Thursday, November 16, 2006

Why do some women want to use burka or hijab?

I have borrowed this from the blogg of “mechanical crowds”

This woman gives the western world, by her story, the reason for why some women in the Arab world prefer to use Hijab, veil, burka … call it what you want, but they want to cover, so no one can see if the person under is a young beautiful darling or an old, dirty, tooth-less grandma.

I am from Zaqaziq, and until recently I thought that I was one of the few people who went through unusual personal experiences of sexual harassment, which I suffered from since I was little…. No, since I was very little.I will not forget the first time this happened when I was walking on the street on Eid as well. I was about 15 at the time. I was walking with my cousin, who is 3 years my elder, and with my aunt in the middle. A group of at least 15 young men blocked our way in a busy main road that was well lit. Suddenly they divided into 2 groups and approached us from the both sides. We found ourselves encircled in fury of holding, touching, groping, and probing accompanied by dirty words and vulgar language describing what each one of them was doing or wanted to do to us.I never forgot, and never will, my feelings at the time. It was the first time I was touched in those parts of my body, and the first time I heard the words that were spoken, which I never imagined would ever be said to me. The strange thing is that there were a lot of people on the street that saw the act but walked on minding their own business. What is this? Where is honor? Where is the Egyptian manliness, dignity, and altruism that we’ve been hearing about since the day we were born? My only experience of this is weak and superficial gentlemanliness that was mostly closer to flirting than anything else. So it wasn’t just for the sake of it, and it might have been all because I am not ugly. (is that a crime???)Anyways, I never thought I would ever see a day worse than this, or get harassed any more awful than this. After a short time, these harassments started repeating again: an animal on a bike would touch me from behind and sometimes the front as he quickly goes by, very dirty looks from shopkeepers, taxi drivers, and neighbors. Oh and what do you know about neighbors? I grew older and body changed, but I always thought that it was a good thing not something to be ashamed of ,or a source of harassment that my young mind and life-loving heart did not comprehend. I got scared of walking on the streets and started making rules on what I should and shouldn’t do to protect myself from their hungry eyes and hungry hands.No going out on the street with tight jeans or a shorter shirt. No going out at all in the streets where the youth hang out for hours, which are well known in my small town. No need to put make-up or do my hair or pay too much attention to my looks. Why would I do that and for whom? Even my girlfriends’ thoughts became dominated by the stinky, radical, male-inspired ideas of the necessity of covering (hijab) the woman because she is a source of temptation that must be hidden. Maybe that’s from what they experienced too and maybe it’s from their ignorance and stupidity. I hated their disapproving looks at me when I wore something elegant that suits my age, personality, and taste and maybe even drew attention moderately and with modesty (what’s wrong with that?). I hated their silly remarks as if I was wearing what the belly dancers wore and not a normal jeans and shirt.I changed the way I dress, and I neglected the way I look, yet I started to be experience a new type of harassment. What was strange was that some of it was worse than before, but I didn’t give up. I came up with a theory, which at the time I thought was brilliant. I lived in a small town that was surrounded by small villages. So I shouldn’t really take my liberty in wearing what I want as every place has it’s stature. I don’t even need to go on the street, as it’s no longer the place for people who want to maintain their self-respect. It’s enough that I used taxis to go to my friends’ houses or any other closed place. I hated the street, the people, and my looks, and I was on the verge of real depression until I decided to change my life and move to my uncle’s place in Cairo.Yes, Cairo is bigger and the peasants are less and the harassments are less. No, sorry, they’re different but not less. I won’t be touched in every street but I can buy a 150LE ticket for live western band, meaning the people are mostly well-off and educated, and still get harassed by large numbers as if there was an implied agreement between the youth to do so. I would feel a touch in a sensitive area and turn to that direction to shout and fight but find a very cool and innocent response from the man. All the men around him would have the same reaction as if I was crazy and nothing happened. And when I look ahead someone else would touche me and the same thing repeats over and over again. I change my spot but another animal or animals would harass me in the same way as if it’s a group sex party not a concert.Now I want a response to my question. What should I do? Should I not go out? Should I not go to live shows? Should I not walk on the street? Should I not swim when I go to Alexandria? What do I do? Hide? The stray dogs and cats walk go on the streets with no trouble! Are the women in Egypt now lower than cats and dogs?Forget that, someone tell me what happened to the people? Did religion and morals become just superficial facades that have no base, importance, or meaning? Do men in Egypt really believe that sexual harassment and rape are earned rights? And is this a retarded male ideology or sexual suppression, or anger or what exactly?Someone tell me, what happened to Egypt?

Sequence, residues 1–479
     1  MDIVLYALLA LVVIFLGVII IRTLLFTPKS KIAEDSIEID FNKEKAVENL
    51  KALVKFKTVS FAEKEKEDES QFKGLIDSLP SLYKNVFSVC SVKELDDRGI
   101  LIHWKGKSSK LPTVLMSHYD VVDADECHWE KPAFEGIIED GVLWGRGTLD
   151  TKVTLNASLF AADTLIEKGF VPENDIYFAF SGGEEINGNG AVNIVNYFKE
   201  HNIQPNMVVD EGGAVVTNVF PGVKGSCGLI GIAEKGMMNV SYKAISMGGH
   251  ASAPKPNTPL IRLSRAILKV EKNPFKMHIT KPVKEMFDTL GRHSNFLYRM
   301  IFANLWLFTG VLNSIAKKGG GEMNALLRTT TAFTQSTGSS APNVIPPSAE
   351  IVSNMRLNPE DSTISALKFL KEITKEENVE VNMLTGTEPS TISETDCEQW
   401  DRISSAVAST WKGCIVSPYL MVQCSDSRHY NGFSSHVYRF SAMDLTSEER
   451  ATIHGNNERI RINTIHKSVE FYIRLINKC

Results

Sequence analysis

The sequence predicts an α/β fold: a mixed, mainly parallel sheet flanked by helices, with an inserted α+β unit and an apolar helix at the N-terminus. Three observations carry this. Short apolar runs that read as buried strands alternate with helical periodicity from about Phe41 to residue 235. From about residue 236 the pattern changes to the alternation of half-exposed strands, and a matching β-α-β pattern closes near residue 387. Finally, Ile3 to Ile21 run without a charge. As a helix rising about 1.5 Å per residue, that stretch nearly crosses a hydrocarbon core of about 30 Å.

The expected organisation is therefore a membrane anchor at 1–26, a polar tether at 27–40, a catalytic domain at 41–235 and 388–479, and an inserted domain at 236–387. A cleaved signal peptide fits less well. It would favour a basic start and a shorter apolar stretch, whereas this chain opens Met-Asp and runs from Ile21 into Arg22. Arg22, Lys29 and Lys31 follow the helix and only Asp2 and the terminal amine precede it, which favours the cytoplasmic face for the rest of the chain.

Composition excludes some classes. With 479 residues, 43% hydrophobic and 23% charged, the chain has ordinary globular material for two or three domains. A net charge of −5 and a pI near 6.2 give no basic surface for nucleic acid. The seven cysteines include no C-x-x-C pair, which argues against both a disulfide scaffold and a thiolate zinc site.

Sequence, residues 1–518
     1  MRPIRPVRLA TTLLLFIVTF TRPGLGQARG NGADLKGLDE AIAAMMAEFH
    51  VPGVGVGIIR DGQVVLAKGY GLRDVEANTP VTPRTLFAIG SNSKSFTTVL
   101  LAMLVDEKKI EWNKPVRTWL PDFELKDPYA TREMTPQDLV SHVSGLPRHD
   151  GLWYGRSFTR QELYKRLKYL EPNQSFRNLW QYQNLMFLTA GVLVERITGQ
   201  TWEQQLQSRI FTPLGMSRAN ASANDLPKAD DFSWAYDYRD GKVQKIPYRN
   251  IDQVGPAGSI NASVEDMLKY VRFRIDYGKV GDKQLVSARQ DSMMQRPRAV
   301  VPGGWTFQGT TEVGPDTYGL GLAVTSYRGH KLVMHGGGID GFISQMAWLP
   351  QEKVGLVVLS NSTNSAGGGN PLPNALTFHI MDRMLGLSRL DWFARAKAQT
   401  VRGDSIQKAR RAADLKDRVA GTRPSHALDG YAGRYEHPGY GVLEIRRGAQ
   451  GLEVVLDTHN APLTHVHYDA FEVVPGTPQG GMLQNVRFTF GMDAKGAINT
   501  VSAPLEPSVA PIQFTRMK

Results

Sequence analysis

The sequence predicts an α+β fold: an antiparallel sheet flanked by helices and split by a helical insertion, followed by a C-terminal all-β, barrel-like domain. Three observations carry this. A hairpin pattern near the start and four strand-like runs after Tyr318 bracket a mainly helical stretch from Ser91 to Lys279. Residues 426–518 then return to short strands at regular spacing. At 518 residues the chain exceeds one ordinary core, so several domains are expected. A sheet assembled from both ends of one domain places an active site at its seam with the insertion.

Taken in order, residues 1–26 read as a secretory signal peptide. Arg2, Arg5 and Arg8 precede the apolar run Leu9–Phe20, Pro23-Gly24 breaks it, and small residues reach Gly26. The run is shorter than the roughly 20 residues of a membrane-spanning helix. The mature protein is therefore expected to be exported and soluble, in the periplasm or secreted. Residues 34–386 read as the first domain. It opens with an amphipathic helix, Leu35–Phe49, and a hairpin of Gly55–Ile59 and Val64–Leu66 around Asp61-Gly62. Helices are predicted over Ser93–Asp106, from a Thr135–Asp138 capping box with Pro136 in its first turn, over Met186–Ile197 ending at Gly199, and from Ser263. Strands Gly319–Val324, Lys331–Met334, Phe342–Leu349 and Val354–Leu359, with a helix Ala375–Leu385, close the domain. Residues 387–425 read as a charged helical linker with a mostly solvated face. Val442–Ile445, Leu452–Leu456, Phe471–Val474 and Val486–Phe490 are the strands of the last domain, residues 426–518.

You can also read this blogg, if you have interest


Lexcen said...

Kirsten, I followed this discussion on Mechanical crowds, it's too awful for words. MC was brave to raise this issue. I could suggest that it's only a matter of passing relevant laws to protect women - but that's too obvious. Look at what's happened in Pakistan to better protect women from rape. Why are Muslims outraged by this new law?

Kirsten N. Namskau said...

You know Lexcen, I am confused about what is happening. To me it appears as if things goes worse and worse. Whe I came in 1990 it was not usually that women used hijab. In the 1960's they even used skirts above the knees.